3 Connellsville area veterans share stories from World War II
If the Marine Corps recruitment offices had been open when Guy Tressler and his two friends traveled to Pittsburgh in 1942 to sign up to fight in World War II, his life may have taken an entirely different path. But as it was, the Navy office across the hall was open, and the rest is history for the highly decorated veteran who told his story as part of an oral living history.
Tressler, Virginia Eberharter and Florence Shutsy Reynolds — all World War II veterans and all from Connellsville — spent several hours at the Connellsville Canteen recently where their stories and histories were recorded and filmed for installments of “Veteran Voices of Pittsburgh,” a movement started in conjunction with the Soldiers and Sailors Hall and the Veterans Breakfast Club, a nonprofit organization whose mission is to give veterans a voice and an opportunity to tell their story.
The crew from the “Veteran Voices of Pittsburgh” has spent the past two years recording more than 200 stories of veterans from around the tri-state area.
“Every veteran has a story,” said Todd DePastino, Veterans Breakfast Club executive director. “We are not out to glorify war, and we really don't want the blood-and-guts stories. We want to hear the experiences of the veterans themselves. What it was like. We want to hear their firsthand stories.”
DePastino partnered with Kevin Farkas in 2011 to record the histories made available on a website for viewing.
“This is just one small way that we can say ‘thank you' to the veterans for their service,” Farkas said. “We want to give them the chance to tell their experiences.”
Farkas said they welcome all veterans from all eras to be a part of the project, but they are predominantly interested in World War II veterans.
“We are losing more and more of them every day,” he said. “Our goal is to get as many of them as we can. We have recorded 219, and we have about 100 on our waiting list.”
The pair usually films at the Soldiers and Sailors Hall in Pittsburgh, but on occasion, they venture out into the community if a proper location is suggested. Both believe the Connellsville Canteen was a perfect spot to film the histories of the veterans.
“This place is amazing,” DePastino said of the Canteen, which will open for a sneak peak on Saturday. “This is a perfect setting for what we do.”
Nancy Sova Hrabak arranged for the veterans to come to the Canteen for the filming. She believes the project is a wonderful tool to give veterans a voice.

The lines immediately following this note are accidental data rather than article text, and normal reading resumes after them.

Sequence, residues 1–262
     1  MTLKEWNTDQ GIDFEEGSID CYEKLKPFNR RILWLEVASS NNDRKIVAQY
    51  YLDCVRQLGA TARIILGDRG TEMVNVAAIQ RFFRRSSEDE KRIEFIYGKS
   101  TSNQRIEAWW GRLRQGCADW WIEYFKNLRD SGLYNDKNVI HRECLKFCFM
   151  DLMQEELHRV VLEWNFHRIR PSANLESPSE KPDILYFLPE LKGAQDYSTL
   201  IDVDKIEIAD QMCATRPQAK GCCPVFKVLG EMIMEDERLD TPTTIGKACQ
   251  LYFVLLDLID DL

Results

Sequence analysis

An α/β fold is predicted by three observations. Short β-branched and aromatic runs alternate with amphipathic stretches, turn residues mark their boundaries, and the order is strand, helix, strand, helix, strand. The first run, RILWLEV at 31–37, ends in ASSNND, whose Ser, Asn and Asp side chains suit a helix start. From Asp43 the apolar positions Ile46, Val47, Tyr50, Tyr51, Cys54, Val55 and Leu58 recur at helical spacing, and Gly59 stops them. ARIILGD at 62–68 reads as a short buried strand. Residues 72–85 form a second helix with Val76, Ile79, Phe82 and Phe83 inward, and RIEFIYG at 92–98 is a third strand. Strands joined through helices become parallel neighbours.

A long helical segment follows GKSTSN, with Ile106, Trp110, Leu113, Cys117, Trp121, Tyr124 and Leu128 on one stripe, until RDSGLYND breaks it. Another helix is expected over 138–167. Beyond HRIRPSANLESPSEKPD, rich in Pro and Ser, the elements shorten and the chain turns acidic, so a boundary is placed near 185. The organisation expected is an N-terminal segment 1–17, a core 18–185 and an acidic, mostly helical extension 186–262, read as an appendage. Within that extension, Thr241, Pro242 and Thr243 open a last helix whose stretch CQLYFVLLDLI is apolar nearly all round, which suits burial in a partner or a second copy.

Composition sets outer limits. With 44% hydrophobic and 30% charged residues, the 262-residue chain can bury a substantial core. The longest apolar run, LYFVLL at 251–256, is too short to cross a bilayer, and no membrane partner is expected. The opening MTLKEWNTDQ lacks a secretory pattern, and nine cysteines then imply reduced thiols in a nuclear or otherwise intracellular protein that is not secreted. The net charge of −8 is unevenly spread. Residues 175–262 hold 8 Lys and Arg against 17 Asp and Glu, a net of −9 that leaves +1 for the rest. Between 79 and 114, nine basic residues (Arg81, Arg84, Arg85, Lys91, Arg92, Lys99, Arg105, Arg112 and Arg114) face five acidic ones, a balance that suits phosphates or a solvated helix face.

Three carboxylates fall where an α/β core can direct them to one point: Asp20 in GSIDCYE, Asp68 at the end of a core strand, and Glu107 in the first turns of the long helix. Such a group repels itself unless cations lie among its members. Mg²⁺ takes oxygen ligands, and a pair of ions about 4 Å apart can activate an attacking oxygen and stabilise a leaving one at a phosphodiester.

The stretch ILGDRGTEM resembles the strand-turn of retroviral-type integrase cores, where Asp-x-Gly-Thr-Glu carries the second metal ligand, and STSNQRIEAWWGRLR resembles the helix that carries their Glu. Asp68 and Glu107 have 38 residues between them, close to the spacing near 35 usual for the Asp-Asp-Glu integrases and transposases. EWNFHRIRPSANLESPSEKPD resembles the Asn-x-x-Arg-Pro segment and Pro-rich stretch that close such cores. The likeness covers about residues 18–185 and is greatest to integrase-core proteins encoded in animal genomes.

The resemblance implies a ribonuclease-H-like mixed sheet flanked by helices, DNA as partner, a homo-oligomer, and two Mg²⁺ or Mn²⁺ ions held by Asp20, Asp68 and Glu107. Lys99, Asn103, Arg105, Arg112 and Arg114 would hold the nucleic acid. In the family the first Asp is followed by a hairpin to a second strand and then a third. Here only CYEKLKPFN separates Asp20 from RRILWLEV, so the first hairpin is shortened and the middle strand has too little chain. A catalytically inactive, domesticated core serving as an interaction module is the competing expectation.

“I met a veteran when I was at the VA Hospital who told his story, and his recall was amazing,” Hrabak said. She arranged for the veteran, Rudy Gulling of Beechview, to be recorded. “I just thought that it would be great if they could come here and do the same with some of our local veterans.”
“We are glad to be a part of this,” said Daniel Cocks, who's with the Canteen. “We thought that this was a wonderful idea when we heard about it, and since we have so much World War II memorabilia here, we thought it would be a nice place to film. We love having them here.”
All veterans who are part of the filming were asked to bring any memorabilia.
“Sometimes we only ask them a question or two. They just talk and tell their stories without any prompting from us,” Farkas said. “We have heard some incredible stories, and every day we learn more.”
DePastino, a historian, researches and tries to meet or speak with each veteran prior to filming.
“I think that it really puts them more at ease if they know what to expect and what we are looking for,” he said.
Each veteran talks for about an hour, depending on what they want and can relate.
“It's painful for some of these veterans,” Farkas said. “They are sometimes reliving painful memories.”
Reynolds, the only WASP (Women Airforce Service Pilots) from Fayette County, told of her experiences with the select group.
“When I got to camp and saw a PT 17, it was love at first sight,” she said of the aircraft. “It's still an old love affair.”
Reynolds told of the inconveniencies the group endured as the only females — from the lack of uniforms to the harassment received from both civilians and enlisted men.
“We were constantly told, ‘Girls don't fly' and ‘Girls don't wear pants.' We had to prove that we could do it.”
Reynolds was the only WASP to date whom Farkas and DePastino have had the privilege of recording.
“Talk about an education,” DePastino said. “She was amazing.”
Tressler, who was part of an elite group called the Underwater Demolition Scouts and Raiders, predecessors of the Navy SEALs, told his story of serving in China at one of the 14 camps there.
“I want to tell my story because there are many, many groups that fought in World War II that no one ever even heard of, and I was part of one of them,” he said. “I want our story to be told so people know who we were and what we did.”
Eberharter told of how she rose to the rank of commander when she was a Navy nurse, serving in World War II, Korea and Vietnam.
“I loved being a nurse, and I loved the Navy,” Eberharter said. “I met people from all over the country. I made it my career, and I loved it.”
The three videos of the Connellsville veterans will be edited and put on the website in the upcoming months.
“This is of no cost to these veterans to be a part of this,” Farkas said, adding they could do more filming if they had more funding. “We are desperately in need of underwriting, and we hope that more people will take an interest in our project. These veterans need to tell their stories, and we need to hear them. We need to, and further generations need to know what went on, and time is running out.”
Marilyn Forbes is a contributing writer.
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